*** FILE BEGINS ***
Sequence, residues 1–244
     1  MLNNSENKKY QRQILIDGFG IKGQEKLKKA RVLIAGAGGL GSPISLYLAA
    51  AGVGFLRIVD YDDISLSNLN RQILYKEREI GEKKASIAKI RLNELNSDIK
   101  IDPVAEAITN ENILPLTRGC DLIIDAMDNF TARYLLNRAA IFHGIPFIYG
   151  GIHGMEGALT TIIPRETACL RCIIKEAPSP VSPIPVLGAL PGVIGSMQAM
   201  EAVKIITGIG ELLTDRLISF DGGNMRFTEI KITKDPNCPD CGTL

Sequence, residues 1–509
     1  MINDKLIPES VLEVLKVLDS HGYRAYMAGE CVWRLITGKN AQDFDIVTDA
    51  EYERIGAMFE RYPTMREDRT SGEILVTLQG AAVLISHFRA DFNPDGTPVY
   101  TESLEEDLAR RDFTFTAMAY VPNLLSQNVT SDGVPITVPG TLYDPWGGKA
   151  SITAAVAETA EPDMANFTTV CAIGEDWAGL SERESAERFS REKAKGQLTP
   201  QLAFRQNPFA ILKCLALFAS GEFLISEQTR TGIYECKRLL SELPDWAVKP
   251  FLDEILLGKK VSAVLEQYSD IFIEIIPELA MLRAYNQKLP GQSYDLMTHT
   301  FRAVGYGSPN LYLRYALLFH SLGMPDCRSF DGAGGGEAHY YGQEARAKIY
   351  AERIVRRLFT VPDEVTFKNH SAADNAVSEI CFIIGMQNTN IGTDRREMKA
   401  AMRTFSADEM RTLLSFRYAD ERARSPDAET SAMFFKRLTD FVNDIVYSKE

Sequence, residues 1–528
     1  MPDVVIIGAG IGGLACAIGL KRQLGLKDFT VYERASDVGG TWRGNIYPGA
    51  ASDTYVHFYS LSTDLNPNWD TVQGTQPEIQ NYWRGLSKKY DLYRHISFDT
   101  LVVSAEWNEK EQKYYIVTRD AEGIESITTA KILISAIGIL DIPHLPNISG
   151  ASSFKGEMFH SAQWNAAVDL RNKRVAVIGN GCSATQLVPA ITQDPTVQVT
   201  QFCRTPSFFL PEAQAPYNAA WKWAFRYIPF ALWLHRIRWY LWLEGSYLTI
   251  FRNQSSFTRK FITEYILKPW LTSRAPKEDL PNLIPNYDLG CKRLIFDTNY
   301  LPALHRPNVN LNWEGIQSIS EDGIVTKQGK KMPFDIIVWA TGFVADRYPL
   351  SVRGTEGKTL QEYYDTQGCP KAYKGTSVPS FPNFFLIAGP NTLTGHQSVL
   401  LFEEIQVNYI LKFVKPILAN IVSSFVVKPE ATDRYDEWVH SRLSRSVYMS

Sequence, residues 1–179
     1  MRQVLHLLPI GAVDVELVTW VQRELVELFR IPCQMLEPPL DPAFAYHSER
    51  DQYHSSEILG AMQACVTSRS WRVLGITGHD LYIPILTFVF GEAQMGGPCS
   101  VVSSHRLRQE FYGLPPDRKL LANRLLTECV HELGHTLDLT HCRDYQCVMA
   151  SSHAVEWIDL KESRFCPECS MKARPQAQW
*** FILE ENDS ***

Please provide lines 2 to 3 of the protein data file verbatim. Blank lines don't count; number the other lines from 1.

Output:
     1  MLNNSENKKY QRQILIDGFG IKGQEKLKKA RVLIAGAGGL GSPISLYLAA
    51  AGVGFLRIVD YDDISLSNLN RQILYKEREI GEKKASIAKI RLNELNSDIK